Yet rather than cut such programmes, Sajid Javid has promised today (Sunday) that an extra £10 billion will be pumped into Help to Buy. We’ve yet to see how this will work (and if it is really new money), but if added to the total of private sector support it would reduce the proportion of government spending going to affordable housing from 21% to just 16%.

Of course if changes are made by Labour there will be squeals of rage that the party no longer wants to help first-time buyers, but there is surely scope to target the available money on those who really can’t afford a deposit (rather than those who could save the cash by waiting for another year or two) and release some of it for those who have no hope of buying and are stuck paying ever higher private sector rents.

The point is that Osborne’s schemes may have had individual targets but were not part of an overall plan for housing. The February white paper barely mentioned government spending and made no attempt at an overall appraisal of the different programmes. Untouched, Osborne ‘s legacy will represent a huge commitment for an incoming government. The builders will, of course, argue that the incentives are vital to keep them building, but the truth is that while they have become dependent on subsidy their output has hardly grown in proportion to the extra sums being spent each year. Labour’s Treasury team should commit to a review, alongside the housing ministry, of how the total spend of £40 billion plus can be reconfigured. The aim should be to ensure that much more of it is directed to helping those struggling to rent, not only those struggling to buy.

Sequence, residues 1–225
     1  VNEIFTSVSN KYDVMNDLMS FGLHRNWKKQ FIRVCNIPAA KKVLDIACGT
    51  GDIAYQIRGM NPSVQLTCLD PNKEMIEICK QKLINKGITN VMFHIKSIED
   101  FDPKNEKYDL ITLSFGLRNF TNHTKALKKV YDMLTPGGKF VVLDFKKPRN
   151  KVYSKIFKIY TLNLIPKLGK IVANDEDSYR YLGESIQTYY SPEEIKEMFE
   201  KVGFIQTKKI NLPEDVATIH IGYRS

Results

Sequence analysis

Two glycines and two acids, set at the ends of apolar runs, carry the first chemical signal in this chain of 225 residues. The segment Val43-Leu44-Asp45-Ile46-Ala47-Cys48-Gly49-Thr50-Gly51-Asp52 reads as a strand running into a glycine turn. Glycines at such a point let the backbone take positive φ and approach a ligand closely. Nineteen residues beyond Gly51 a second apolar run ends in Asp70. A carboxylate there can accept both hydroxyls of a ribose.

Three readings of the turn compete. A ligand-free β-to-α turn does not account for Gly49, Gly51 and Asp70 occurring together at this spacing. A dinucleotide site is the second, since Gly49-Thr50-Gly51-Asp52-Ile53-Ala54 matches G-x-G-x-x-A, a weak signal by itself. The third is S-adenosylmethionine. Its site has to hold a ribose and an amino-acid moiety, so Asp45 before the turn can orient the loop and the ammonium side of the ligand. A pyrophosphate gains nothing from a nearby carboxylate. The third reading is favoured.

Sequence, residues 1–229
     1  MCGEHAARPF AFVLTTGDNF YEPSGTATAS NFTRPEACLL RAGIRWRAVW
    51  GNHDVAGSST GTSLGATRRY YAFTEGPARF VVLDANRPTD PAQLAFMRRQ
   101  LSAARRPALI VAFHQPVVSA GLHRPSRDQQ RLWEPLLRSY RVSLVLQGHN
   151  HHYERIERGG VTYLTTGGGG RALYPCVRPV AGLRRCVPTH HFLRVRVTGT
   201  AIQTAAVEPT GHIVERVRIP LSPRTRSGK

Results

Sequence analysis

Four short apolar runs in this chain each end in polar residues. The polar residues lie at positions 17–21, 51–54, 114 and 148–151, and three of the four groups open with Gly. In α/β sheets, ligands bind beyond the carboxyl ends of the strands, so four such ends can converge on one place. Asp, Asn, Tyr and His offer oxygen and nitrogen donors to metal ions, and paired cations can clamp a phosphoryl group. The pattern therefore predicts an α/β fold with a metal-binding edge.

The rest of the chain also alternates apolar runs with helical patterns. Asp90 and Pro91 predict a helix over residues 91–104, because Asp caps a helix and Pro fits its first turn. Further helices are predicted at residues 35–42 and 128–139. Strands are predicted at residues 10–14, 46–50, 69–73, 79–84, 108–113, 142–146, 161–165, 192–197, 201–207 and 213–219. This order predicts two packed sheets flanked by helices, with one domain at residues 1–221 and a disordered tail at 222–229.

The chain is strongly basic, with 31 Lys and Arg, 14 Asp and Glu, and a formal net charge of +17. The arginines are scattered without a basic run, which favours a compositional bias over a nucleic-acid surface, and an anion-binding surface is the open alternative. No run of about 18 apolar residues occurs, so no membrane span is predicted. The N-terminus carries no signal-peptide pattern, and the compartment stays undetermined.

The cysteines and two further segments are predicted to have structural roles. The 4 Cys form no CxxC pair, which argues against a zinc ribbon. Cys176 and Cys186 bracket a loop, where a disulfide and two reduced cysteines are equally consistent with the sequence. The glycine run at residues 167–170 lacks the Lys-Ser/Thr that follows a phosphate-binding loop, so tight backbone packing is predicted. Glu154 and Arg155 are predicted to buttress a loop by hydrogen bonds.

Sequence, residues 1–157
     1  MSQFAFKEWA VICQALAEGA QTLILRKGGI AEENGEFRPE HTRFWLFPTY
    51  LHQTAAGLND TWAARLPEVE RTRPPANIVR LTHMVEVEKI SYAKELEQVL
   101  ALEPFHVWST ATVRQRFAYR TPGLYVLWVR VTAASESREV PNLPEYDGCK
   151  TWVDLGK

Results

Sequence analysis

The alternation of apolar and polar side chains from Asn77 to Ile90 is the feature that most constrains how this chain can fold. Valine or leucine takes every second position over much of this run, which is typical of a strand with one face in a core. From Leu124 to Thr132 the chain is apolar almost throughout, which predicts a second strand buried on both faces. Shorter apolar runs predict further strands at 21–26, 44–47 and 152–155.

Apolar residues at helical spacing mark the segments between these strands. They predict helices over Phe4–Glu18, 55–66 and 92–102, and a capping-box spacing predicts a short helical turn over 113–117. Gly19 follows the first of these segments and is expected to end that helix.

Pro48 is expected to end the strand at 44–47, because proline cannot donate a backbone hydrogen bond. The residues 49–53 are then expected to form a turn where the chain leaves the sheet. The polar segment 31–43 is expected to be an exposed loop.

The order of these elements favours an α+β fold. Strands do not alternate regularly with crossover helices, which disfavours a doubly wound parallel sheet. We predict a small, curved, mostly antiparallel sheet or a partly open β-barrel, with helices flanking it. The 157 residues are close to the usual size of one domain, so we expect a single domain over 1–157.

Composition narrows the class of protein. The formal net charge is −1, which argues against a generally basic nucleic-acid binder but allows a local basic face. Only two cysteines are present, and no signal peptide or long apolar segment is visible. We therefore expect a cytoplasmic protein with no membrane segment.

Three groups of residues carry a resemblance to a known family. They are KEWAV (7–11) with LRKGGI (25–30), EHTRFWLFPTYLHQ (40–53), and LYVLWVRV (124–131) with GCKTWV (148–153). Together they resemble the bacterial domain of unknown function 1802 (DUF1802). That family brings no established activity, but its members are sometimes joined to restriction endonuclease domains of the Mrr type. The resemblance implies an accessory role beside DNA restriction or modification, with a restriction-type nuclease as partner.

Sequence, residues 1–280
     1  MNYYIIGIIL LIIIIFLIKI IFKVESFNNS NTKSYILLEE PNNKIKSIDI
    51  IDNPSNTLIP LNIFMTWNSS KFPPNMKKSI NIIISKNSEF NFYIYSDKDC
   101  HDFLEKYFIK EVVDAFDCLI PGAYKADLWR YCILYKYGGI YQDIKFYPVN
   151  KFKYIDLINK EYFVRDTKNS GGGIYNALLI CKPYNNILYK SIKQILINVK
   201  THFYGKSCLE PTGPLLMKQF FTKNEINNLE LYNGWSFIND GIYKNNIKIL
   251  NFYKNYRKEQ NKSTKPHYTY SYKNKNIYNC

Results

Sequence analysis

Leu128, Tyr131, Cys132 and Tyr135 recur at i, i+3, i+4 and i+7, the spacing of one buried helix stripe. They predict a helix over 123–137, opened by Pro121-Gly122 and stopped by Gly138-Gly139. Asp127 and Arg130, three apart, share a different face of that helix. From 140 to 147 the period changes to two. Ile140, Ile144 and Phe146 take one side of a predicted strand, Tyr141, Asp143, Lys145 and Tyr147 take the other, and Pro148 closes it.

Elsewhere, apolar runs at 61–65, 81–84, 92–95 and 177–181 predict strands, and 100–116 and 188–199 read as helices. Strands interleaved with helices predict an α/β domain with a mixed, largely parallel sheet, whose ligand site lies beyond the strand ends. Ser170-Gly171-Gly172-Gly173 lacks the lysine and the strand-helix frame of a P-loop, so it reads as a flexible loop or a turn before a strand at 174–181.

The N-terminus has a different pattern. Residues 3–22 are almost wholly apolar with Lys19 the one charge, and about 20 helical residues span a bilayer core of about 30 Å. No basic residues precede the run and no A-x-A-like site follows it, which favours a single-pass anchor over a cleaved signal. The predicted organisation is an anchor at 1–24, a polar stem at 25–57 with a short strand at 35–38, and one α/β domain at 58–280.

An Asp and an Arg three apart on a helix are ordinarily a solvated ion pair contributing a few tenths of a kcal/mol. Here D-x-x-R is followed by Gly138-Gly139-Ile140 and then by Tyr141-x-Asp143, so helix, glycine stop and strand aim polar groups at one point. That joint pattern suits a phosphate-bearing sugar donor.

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Not much controversy here

Jeremy Corbyn’s speech to Labour Party Conference on Wednesday has caused a bit of a stir, notably his comments on regeneration and rent control. So what did he actually say and are they new departures?

He said a lot about Grenfell, focusing on the fact that it was an avoidable disaster and looking at events from the tenants’ perspective. He said it indicted ‘failed housing policies… and yawning inequality’. I don’t disagree, but I would repeat my warning that we have to be careful how we talk about the disaster. Grenfell does not tell us that social housing is a bad idea. When the Tories say ‘we must now talk about social housing’ I don’t think they want to have more of it and to make it better.

The most important announcement in Corbyn’s speech was that there would be a Labour enquiry into social housing policy – parallel to the government’s – with Shadow Housing minister John Healey looking at its building, planning, regulation and management. He promised that Labour would listen to tenants across the country and bring forward a radical programme of action.

In support of his core contention that ‘a decent home is a right for everyone whatever their income or background’ Corbyn listed a number of policies which I don’t think are controversial within Labour:

  • insist that every home is fit for human habitation (which the Tories have consistently voted down).